Kimmy Dahl – Minneapolis’s Hero of the 35W-I Bridge

When the images of the 35W bridge collapse first appeared on television, one picture scared the entire nation: a school bus was caught amid the wreckage and 52 children were on board. And the driver, Kimmy Dahl, was somehow able to keep her foot on the brake until every person was off of the bus, including her own two children, Arrianna and David, who initially refused to leave their mom! Just 50 feet back and they could have all been in the river!
Kimmy was honored as a hero by her bus company for the courage and determination she displayed that day. She broke her back in two places, suffering a litany of pain, surgeries, disability and severe emotional distress. She has not returned to the job she loved. She has wrestled not only with her own emotional distress, but also with the emotional distress her children suffered. But being a hero was not good enough to pay all her medical bills. In fact, the architects, designers and contractors who constructed this bridge were completely “off the hook” legally, due to a strange law called the Statute of Repose.

That’s right: because this bridge is considered an “improvement to real estate,” the law provides that 10 years after an improvement to real estate is constructed, the parties responsible for the construction are completely off the hook no matter how negligent they might have been in the construction of the improvement. To add insult to injury, if the State of Minnesota is deemed responsible for the bridge collapse, the maximum amount that is available for all victims and their families is only $1 million dollars – total!! That’s not per victim, but for all the victims combined!
Today the Insider Exclusive goes behind the headlines to show how Kimmy’s lawyer, Fred Soucie, and a group of lawyers lobbied the Minnesota Legislature and Governor to get justice, in the form of a “Compensation Fund” for Kimmy and all the victims of this disaster. Fred and his group of lawyers did this absolutely FREE, because he believes that we, as a society, must not only rebuild the bridge but must also help these victims and heroes rebuild their lives.

Fred Soucie has a national reputation in catastrophic personal injury and wrongful death matters of all kinds. His clients are treated with the utmost care and respect. Fred consistently obtains some of the most significant settlements and jury verdicts in Minnesota. Fred has handled numerous catastrophic injury and wrongful death cases. He is especially recognized for his cases against power companies for electrical injury and death as well as for his work against gas companies for gas explosion injury and death. After law school, Fred worked on a clam boat on the Atlantic Ocean out of Ocean City, Maryland. He learned there is a “right way”, a “wrong way”, and the “Captain Wayne Watson way” to do things—always do things to the best of your ability. Fred took “Captain Wayne’s way” to heart. Fred survived an airplane crash early on in his legal career and knows what it’s like to be injured and have your injuries doubted and disputed by insurance companies. Fred is proud to be an injury lawyer for justice. He takes an active role in supporting community organizations, especially those who support injured victims. The thing Fred is proudest of is what clients say about the firm’s service to them during troubled times.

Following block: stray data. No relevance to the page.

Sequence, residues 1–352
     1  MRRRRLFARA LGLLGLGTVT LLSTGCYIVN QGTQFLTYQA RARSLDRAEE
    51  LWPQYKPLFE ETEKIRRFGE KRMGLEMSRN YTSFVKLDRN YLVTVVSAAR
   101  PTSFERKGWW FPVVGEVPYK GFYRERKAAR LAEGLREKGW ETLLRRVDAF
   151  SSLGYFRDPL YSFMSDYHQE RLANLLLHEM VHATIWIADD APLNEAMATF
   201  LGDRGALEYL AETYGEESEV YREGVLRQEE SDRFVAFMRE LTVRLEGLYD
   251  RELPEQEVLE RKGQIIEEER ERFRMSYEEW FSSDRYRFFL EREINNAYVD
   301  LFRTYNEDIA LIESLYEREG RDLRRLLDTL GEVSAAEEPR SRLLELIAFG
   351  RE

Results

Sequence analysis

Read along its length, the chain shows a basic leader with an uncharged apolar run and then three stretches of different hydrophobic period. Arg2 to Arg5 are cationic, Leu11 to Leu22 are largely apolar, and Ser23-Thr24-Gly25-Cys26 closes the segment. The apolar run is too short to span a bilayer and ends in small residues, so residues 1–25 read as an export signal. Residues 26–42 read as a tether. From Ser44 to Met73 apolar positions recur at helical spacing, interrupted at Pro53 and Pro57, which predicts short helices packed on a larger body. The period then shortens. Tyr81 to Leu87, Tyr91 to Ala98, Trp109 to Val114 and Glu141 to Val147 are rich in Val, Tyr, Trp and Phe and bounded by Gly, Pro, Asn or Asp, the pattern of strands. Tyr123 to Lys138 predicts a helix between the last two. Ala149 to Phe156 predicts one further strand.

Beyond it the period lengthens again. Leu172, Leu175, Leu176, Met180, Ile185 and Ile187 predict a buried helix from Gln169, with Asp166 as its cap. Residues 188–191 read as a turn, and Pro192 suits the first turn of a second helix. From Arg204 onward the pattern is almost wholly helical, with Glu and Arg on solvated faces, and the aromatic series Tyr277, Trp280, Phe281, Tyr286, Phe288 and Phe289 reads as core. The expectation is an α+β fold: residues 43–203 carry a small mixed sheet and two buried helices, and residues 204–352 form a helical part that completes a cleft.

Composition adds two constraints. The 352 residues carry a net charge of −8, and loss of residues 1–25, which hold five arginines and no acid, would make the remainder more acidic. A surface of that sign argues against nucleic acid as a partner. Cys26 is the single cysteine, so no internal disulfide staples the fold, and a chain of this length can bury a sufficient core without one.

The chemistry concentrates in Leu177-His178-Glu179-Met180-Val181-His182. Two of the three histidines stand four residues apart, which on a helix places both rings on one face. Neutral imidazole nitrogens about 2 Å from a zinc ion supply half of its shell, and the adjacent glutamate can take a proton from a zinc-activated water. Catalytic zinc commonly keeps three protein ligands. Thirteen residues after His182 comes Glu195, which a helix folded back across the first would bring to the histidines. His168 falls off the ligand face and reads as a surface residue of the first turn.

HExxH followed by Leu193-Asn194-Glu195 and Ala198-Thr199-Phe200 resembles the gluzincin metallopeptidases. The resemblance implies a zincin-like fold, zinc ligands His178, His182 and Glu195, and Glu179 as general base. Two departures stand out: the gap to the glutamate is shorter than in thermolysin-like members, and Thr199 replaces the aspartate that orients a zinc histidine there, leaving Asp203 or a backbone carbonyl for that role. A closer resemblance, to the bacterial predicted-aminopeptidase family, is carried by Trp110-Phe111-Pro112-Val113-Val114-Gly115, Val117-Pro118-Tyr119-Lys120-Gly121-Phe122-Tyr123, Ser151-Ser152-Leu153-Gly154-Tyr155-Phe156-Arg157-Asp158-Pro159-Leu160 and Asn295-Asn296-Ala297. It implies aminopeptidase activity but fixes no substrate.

Soucie Law has helped thousands of clients recover millions of dollars for personal injury and wrongful death victims. Experienced in some of the most high profile cases in Minnesota against formidable insurance, municipal, and corporate opponents, the firm’s attorneys have prevailed for clients whose only mistake was being in the wrong place at the wrong time. Car crashes, semi tractor trailer collisions, motorcycle injuries, ATV accidents, bicycle accidents, work injuries, power line and electrical injury, gas explosions, fire and burn injury, farm accidents, air place accidents, and wrongful death…these are just some of the cases the attorneys at Soucie Law have handled for clients.